2015-03-31

Lea Moser is an alumna of City Year San Jose (2012-2013) and City Year Boston (2013-2014).  She is a graduate of the University of Nevada, Reno. She currently serves as as a health and life skills educator in Ranaka, Botswana. Upon completion of her Peace Corps service, Lea would like to earn her masters degree in Public Health and return to Africa.

I moved to the East Valley of San Jose soon after graduating college and began working at the grassroots level of education policy. I was a real AmeriCorps member, tying my timberland boots day after day in hopes that I would engender a love of knowledge and learning with the students I was working with.

I came in with a picturesque image of students raising their hands in quiet patience, hanging off of my every word, absorbing the information I was sharing like a dry sponge. The reality of the situation was that the students were just kids: they wanted to play, to interact, and to have fun.

At times I numbered myself among the disenchanted, thinking that the rowdy class I was unable to control in our after school program was too much, or that the lack of parental involvement in my student’s lives was not my problem.  

Near the end of my corps year, I had a moment that restored within me the idealism I entered City Year with. It was mid-week, still early in the morning and I was waiting for my first student, Maria, to come to the back of the class to read with me. I could see her rummaging in her desk, looking back at me as I waited.  I looked down to make sure my notes were ready, and when I looked back up, I saw Maria walking towards my table with a stack of books up to her chin.  She wanted to read them all. Months prior, Maria begrudgingly sat with me to read, unabashedly letting me know that she hated reading and at that, hated City Year. Seeing the shift in Maria made me realize how important the journey was, how valuable the daily commitment to Maria had been, and how coming in day after day with the unspoken message of “I will not give up” engendered within Maria the same commitment.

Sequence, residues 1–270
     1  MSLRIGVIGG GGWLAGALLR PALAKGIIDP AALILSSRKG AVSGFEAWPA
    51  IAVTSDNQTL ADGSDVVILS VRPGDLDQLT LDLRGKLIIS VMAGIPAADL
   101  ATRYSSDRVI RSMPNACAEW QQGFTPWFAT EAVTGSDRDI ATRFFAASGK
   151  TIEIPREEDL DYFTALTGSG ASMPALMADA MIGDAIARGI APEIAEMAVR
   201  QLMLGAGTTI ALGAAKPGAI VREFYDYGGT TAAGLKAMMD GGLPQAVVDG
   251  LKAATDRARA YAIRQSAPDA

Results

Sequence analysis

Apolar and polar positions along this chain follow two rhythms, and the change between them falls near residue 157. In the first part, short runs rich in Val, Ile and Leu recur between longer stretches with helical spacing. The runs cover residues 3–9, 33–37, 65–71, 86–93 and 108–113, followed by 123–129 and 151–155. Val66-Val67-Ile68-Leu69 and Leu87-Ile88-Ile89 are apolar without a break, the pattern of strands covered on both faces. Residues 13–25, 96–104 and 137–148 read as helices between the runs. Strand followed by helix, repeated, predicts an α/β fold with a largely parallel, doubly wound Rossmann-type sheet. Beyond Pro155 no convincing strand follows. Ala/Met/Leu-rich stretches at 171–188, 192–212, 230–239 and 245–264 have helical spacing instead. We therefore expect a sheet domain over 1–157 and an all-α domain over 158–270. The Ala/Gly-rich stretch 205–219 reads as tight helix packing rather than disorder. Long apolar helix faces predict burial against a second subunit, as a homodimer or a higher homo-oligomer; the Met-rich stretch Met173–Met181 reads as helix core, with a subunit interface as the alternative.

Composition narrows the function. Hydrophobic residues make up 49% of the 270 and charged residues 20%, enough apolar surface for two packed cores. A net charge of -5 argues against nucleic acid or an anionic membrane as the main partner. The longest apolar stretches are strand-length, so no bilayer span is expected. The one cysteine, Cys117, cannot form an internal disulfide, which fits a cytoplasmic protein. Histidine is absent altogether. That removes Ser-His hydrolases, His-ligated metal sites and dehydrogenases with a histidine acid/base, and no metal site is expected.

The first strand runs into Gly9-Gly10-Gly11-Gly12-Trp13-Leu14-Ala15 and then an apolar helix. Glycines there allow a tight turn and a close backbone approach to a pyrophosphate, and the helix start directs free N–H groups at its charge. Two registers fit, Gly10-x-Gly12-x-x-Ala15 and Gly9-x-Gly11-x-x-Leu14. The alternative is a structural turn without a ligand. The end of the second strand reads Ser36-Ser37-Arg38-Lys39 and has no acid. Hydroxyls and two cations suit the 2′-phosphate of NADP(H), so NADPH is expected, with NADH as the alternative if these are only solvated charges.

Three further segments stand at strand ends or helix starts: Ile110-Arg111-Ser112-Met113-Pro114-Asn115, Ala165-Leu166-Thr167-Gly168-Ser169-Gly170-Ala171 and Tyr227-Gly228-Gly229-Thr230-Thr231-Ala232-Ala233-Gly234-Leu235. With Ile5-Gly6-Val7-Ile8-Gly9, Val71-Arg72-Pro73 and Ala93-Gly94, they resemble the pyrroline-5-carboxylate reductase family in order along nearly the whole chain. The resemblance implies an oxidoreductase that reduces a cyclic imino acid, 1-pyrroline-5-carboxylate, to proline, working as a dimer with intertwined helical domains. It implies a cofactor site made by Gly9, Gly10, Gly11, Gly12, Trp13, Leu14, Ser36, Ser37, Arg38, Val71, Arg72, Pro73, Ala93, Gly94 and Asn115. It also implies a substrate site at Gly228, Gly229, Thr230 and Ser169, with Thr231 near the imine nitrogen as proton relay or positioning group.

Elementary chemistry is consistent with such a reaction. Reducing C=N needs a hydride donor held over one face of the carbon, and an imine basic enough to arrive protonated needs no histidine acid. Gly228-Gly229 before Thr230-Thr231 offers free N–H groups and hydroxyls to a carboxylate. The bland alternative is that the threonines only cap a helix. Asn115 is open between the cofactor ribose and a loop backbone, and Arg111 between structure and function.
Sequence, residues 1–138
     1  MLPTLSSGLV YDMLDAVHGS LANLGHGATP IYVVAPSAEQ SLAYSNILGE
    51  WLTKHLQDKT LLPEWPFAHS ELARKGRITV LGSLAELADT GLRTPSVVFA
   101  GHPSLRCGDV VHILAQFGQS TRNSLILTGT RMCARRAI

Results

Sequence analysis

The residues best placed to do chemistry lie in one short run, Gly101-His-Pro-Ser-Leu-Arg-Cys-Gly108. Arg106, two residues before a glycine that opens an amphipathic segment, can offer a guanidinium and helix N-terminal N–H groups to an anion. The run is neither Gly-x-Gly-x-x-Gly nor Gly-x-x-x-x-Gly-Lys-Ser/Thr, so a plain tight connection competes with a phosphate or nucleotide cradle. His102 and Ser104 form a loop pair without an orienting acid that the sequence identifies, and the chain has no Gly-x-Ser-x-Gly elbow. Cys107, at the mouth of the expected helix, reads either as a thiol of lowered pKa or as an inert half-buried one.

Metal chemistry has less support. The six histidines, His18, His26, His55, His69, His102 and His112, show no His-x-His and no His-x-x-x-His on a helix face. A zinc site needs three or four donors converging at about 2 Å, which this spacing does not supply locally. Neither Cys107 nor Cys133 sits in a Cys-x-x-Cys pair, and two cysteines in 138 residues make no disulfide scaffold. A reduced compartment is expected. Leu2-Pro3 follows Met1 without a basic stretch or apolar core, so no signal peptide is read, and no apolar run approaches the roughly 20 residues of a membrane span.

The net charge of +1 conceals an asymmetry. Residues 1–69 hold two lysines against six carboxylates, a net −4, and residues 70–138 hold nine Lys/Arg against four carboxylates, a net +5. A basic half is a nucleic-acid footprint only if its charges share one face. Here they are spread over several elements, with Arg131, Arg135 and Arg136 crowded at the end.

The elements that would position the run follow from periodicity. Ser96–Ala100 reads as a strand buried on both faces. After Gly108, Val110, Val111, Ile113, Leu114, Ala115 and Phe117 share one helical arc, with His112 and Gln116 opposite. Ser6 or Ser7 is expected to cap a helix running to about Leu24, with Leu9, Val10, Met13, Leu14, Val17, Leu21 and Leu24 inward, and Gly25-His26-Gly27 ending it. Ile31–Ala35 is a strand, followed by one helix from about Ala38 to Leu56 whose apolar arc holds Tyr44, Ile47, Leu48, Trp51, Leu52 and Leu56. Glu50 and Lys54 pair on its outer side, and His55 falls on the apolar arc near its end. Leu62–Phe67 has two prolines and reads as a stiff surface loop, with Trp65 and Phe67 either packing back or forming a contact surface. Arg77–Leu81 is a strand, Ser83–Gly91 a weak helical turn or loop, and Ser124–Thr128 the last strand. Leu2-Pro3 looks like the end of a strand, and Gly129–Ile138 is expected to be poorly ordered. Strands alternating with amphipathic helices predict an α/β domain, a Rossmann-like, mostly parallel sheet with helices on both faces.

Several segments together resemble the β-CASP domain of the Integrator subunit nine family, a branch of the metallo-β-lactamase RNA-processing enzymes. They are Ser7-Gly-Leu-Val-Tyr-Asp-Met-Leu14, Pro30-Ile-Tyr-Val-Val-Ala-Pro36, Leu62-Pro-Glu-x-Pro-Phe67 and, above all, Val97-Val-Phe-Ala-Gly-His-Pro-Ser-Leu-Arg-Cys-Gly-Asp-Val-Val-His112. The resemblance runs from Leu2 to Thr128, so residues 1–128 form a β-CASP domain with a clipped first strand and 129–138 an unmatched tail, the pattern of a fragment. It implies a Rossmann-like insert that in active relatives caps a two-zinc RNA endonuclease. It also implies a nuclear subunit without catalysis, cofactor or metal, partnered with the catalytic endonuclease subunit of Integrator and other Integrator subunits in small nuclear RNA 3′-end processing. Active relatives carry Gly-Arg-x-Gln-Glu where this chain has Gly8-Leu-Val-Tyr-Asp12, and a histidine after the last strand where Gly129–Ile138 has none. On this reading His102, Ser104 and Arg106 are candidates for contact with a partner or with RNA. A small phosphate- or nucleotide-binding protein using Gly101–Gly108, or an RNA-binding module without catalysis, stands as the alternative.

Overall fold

I decided at that moment that I was not ready to give up volunteering, I was not ready to give up City Year, and more importantly, I was not ready to give up idealism. After serving a second year as a Team Leader with City Year Boston, I applied to the Peace Corps. I wanted to further understand the educational and social justice disparities of a place totally unlike America.

Currently, I spend most of my time supporting the Junior Secondary School in my village of roughly 2,000 people in Botswana, of which I am the only American. I work both with students and the community. I spend some days teaching Guidance and Counseling lessons at the school, hoping to educate the students about issues they face, such as HIV/AIDS, sexual harassment, self-esteem, and their rights as children. When I am not at the school, I am working at the clinic giving health talks to the adults of the village, or teaching the staff more about HIV/AIDS, safe sex, and other useful information that they themselves can share with their neighbors and friends.

At times, being the only foreigner in the village has been difficult. My idealism has once again been pushed to its limits in the face of disagreements – like the time when I wanted to pass out condoms at the school only to have the condoms taken away by the headmaster, proclaiming that condoms condoned sex. Whenever I face a situation in which I feel like it would be easier to give up, I think of Maria. If I want to see the world I live in change, I can’t give up. Thanks to my work with City Year, I have the strength to continue on in my service with the Peace Corps in my village, knowing that someone will come to me the way Maria did—excited, hopeful, and full of their own idealism for the future.

 

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